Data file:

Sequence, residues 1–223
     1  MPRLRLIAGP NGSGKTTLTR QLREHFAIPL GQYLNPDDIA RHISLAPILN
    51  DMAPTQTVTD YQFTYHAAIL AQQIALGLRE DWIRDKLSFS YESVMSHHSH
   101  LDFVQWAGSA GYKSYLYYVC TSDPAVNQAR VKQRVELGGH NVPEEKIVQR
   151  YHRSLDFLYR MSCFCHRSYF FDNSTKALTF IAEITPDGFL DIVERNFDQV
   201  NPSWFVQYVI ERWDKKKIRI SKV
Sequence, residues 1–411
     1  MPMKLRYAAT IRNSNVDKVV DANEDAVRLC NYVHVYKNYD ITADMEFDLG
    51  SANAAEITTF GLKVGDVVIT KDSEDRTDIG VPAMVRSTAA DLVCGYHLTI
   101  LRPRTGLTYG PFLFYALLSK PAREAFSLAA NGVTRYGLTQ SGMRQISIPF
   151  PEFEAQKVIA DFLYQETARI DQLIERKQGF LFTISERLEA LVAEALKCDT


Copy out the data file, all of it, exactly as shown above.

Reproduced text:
Sequence, residues 1–223
     1  MPRLRLIAGP NGSGKTTLTR QLREHFAIPL GQYLNPDDIA RHISLAPILN
    51  DMAPTQTVTD YQFTYHAAIL AQQIALGLRE DWIRDKLSFS YESVMSHHSH
   101  LDFVQWAGSA GYKSYLYYVC TSDPAVNQAR VKQRVELGGH NVPEEKIVQR
   151  YHRSLDFLYR MSCFCHRSYF FDNSTKALTF IAEITPDGFL DIVERNFDQV
   201  NPSWFVQYVI ERWDKKKIRI SKV
Sequence, residues 1–411
     1  MPMKLRYAAT IRNSNVDKVV DANEDAVRLC NYVHVYKNYD ITADMEFDLG
    51  SANAAEITTF GLKVGDVVIT KDSEDRTDIG VPAMVRSTAA DLVCGYHLTI
   101  LRPRTGLTYG PFLFYALLSK PAREAFSLAA NGVTRYGLTQ SGMRQISIPF
   151  PEFEAQKVIA DFLYQETARI DQLIERKQGF LFTISERLEA LVAEALKCDT